Do Plants Feel Pain?

This is a question that keeps cropping up, most recently due to the popularity of the book Planta Sapiens which argues for their sentience. Here we take a look at the claims, the science, and the ramifications for our ethical decisions if plants do feel pain.

Are Plants Sentient?

There are hundreds of thousands of different plants on the planet, each with distinct properties, and each a complex and intriguing organism. Some have flowers that turn their faces towards the sun. Some trap and eat insects. Some produce chemicals to deter predators.

In his book Planta Sapiens, the philosopher Paco Calvo shares his explorations into plant behavior and argues that plants do more than just react reflexively to the world around them. He believes that they “plan ahead to achieve goals” and “proactively engage with their surroundings.”

Science has moved a long way from the notion that plants are entirely passive in the world. It is accepted that they communicate, share resources, and use electrical signals to coordinate their internal response to their environment. And we are learning more about them all the time. One thing we know for sure is that plants do not have a brain.

Calvo argues that, even though plants do not have a brain, their astonishing inner lives nonetheless indicates sentience, and with sentience comes the ability to experience pain and suffering. And that is where ethics come into play. If plants can feel pain, what is our responsibility to them? 

Do Plants Have Consciousness?

That very much depends on how you define consciousness. Search online for definitions and you will see that every scientific publication describes consciousness differently. Many definitions are based on the individual being aware of themselves and the world around them. And, if we took that as the definition, we could say that plants do have consciousness.

But science is never so simple, and there is much more discussion, debate, and detail around this definition, particularly when we get to the experience of consciousness. That is, what does that consciousness feel like to the individual? One definition suggests this includes experiencing a mental image of the world and an emotional element. In simple terms, that is we might feel good or bad about our experience, and this appears to rule out consciousness in plants.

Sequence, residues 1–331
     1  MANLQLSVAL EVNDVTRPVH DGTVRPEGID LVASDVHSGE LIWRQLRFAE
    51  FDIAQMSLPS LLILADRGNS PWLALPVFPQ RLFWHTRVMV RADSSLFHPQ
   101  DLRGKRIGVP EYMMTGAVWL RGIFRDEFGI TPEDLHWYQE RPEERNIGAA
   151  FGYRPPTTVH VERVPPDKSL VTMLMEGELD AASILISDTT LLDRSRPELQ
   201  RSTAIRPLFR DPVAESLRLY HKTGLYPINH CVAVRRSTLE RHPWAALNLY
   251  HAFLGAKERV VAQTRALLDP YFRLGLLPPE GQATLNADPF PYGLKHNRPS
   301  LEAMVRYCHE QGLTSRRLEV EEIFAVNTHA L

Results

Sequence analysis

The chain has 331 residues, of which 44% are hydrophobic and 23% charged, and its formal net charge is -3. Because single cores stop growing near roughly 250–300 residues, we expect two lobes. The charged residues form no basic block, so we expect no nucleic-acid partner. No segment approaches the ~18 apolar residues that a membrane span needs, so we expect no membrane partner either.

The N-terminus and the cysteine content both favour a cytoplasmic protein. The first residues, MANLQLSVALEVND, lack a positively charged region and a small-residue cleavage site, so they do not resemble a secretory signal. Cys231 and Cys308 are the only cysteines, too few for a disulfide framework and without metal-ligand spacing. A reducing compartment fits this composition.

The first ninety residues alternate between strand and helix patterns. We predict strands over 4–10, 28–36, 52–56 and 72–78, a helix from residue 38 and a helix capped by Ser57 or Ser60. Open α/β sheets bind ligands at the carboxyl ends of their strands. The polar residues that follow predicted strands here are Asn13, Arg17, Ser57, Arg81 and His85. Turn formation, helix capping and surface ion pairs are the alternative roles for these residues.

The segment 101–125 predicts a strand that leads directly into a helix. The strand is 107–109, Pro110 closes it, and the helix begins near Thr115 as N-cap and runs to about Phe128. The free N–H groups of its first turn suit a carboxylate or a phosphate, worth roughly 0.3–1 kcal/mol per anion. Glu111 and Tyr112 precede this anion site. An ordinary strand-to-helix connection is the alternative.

In traditional scientific terms, consciousness relies on the presence of a brain and nervous system. However, those who argue for plant consciousness say that plants still have a raw experience of life, and that theirs is a non-neural type of consciousness. But it is still consciousness.

Given that scientists and philosophers once believed that animals had no consciousness, no mind, no intelligence, and felt no pain, it is important we keep an open mind about consciousness. So much suffering was inflicted on animals because humans arrogantly denied the experiences of other beings. Now, science knows what many of us always knew: that animals are sentient, have consciousness, and can feel pain. So, maybe, science is wrong about plants, too.

Is science wrong? Do plants feel pain?

Plants and Consciousness: The Science

At this point in time, scientific consensus is that plants are not conscious. It says:

  1. The claim that some plants can navigate proactively can actually be explained by simple behavioral response mechanisms, and consciousness is not required.
  2. While both plants and animals do use electrical signals to regulate bodily function, those signals are carried and function quite differently. Therefore, we cannot extrapolate from animals to plants.
  3. Plants have no brain, no command center, and there is not enough evidence of some kind of ‘brain center’ in the root, as some have claimed.
  4. There is no associative or instrumental learning in plants, that is, plants do not make associations between events that occur together.
  5. While plants do communicate with one another, this does not indicate a sense of self and other, and it does not imply consciousness. It can be explained through stimuli.